Moving Towards Sustainability Book Club Selection
JUN 2011
Theory U: Leading from the Future as It Emerges
by C Otto Scharmer

In this ground-breaking book, C. Otto Scharmer invites us to see the world in new ways.

What we pay attention to, and how we pay attention is the key to what we create. What often prevents us from 'being present, ' is what Scharmer calls our blind spot, the inner place from which each of us operates. Becoming aware of our blind spot is critical to bringing forth the profound systemic changes so needed in business and society today.

First introduced in Presence, the U methodology of leading profound change is expanded and deepened in Theory U. By moving through the "U" process we learn to connect to our essential Self in the realm of 'presencing' - a term coined by Scharmer. When 'presencing' we are able to see our own blind spot and pay attention in a way that allows us to experience the opening of our minds, our hearts, and our wills. Through this process we are able to shift our awareness to allow us to connect with our best future possibility--and to realize it.
Moving Towards Sustainability Book Club Selection
MAY 2011
Harmony: A New Way of Looking at Our World
by Charles HRH The Prince of Wales

For the first time, HRH The Prince of Wales shares his views on how our most pressing modern challenges—from climate change to poverty—are rooted in mankind's disharmony with nature, presenting a compelling case that the solution lies in our ability to regain a balance with the world around us. With its holistic approach, this provocative and well-reasoned book takes the discussion of sustainability and climate change in a new direction. Prince Charles shows how the solutions to problems like climate change lie not only in technology but in our ability to change the way we view the modern world.

For decades, the Prince of Wales has been studying a wide array of disciplines to understand every aspect of man's impact on the natural world, and in that time he has examined everything from architecture to organic farming to sustainable economics. Now, for the first time, he speaks out about his years of research, presenting a fascinating look at how modern industrialization has led us to a state of disharmony with nature, created climate change, and pushed us to the brink of disaster.

From the rice farms of India to the prairies of America's corn belt, from the temples of Ancient Egypt to the laboratories of industrial designers, Harmony spans the globe to identify the different ways that contemporary life has abandoned the hard-earned practices of our history, a shift that has spurred a host of social problems and accelerated climate change.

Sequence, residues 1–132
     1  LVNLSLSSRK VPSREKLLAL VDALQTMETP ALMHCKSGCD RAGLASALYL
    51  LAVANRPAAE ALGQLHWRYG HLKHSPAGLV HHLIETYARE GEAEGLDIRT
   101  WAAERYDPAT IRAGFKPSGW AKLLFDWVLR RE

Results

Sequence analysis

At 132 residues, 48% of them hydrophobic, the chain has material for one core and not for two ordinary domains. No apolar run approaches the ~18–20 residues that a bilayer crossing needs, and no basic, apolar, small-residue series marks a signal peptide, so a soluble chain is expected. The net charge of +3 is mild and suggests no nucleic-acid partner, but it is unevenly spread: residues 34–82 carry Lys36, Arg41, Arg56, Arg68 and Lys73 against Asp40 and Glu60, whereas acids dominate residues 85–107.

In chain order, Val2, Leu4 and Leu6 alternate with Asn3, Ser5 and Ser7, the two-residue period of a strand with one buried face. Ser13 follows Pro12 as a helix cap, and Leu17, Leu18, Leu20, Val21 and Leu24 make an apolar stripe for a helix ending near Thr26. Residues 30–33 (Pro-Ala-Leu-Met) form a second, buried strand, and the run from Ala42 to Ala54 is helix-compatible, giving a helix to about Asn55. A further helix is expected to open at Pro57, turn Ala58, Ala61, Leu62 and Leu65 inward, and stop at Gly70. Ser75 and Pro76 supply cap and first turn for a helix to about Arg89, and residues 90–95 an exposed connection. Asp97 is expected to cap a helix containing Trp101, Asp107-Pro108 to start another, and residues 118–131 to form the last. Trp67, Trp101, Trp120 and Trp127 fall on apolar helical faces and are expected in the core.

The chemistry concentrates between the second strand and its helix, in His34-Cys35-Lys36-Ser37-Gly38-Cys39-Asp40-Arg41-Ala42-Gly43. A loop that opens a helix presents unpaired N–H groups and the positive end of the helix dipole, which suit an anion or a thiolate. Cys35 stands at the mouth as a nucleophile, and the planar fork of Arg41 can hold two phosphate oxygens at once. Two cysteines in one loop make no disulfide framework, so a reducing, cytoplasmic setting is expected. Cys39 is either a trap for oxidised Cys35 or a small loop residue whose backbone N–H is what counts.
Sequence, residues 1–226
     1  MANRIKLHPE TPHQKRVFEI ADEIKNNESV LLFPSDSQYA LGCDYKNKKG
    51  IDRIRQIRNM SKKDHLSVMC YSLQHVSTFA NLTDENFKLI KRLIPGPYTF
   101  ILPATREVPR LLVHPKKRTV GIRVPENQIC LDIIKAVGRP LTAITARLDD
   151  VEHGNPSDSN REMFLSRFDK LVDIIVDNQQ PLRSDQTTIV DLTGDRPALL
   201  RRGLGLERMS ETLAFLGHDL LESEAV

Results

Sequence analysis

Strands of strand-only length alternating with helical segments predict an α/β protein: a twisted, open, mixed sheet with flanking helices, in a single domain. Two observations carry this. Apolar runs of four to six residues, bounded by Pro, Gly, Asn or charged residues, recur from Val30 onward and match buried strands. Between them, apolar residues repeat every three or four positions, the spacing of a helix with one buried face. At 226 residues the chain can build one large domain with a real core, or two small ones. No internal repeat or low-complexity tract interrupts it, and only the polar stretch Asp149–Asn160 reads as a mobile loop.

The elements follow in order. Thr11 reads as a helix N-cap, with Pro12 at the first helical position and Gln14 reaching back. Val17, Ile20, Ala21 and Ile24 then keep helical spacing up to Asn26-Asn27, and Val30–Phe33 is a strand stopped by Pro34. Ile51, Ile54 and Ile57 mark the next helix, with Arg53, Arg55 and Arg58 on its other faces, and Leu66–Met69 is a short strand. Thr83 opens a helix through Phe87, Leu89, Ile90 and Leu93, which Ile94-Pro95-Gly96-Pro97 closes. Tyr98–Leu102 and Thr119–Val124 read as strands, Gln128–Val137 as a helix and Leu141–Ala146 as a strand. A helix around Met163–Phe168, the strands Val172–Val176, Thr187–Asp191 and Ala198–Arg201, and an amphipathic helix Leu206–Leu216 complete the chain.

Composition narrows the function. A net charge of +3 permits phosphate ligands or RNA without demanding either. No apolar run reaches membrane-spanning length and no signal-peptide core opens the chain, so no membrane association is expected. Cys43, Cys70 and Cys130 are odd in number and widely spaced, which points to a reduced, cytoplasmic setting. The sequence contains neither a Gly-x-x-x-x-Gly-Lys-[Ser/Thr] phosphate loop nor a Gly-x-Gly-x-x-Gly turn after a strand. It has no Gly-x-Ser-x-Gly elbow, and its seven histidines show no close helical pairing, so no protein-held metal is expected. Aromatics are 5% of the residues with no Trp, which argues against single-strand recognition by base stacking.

Drawing on cases from farming, healthcare, transportation, and design, the Prince of Wales also offers solutions for change, creating a new vision for our world, one that incorporates the traditional wisdom of our past with the modern science of our present to avert catastrophe. In the end, Harmony paints a holistic portrait of what we as a species have lost in the modern age, while outlining the steps we can take to regain the harmony of our ancestors.
Moving Towards Sustainability Book Club Selection
NOV 2010
The Transition Handbook: From Oil Dependency to Local Resilience (Transition Guides)
by Rob Hopkins and Richard Heinberg

We live in an oil-dependent world, arriving at this level of dependency in a very short space of time by treating petroleum as if it were in infinite supply. Most of us avoid thinking about what happens when oil runs out (or becomes prohibitively expensive), but The Transition Handbook shows how the inevitable and profound changes ahead can have a positive outcome. These changes can lead to the rebirth of local communities that will grow more of their own food, generate their own power, and build their own houses using local materials. They can also encourage the development of local currencies to keep money in the local area.

There are now over 30 "transition towns" in the UK, Australia and New Zealand with more joining as the idea takes off. They provide valuable experience and lessons-learned for those of us on this side of the Atlantic. With little proactive thinking at the governmental level, communities are taking matters into their own hands and acting locally. If your town is not a transition town, this upbeat guide offers you the tools for starting the process.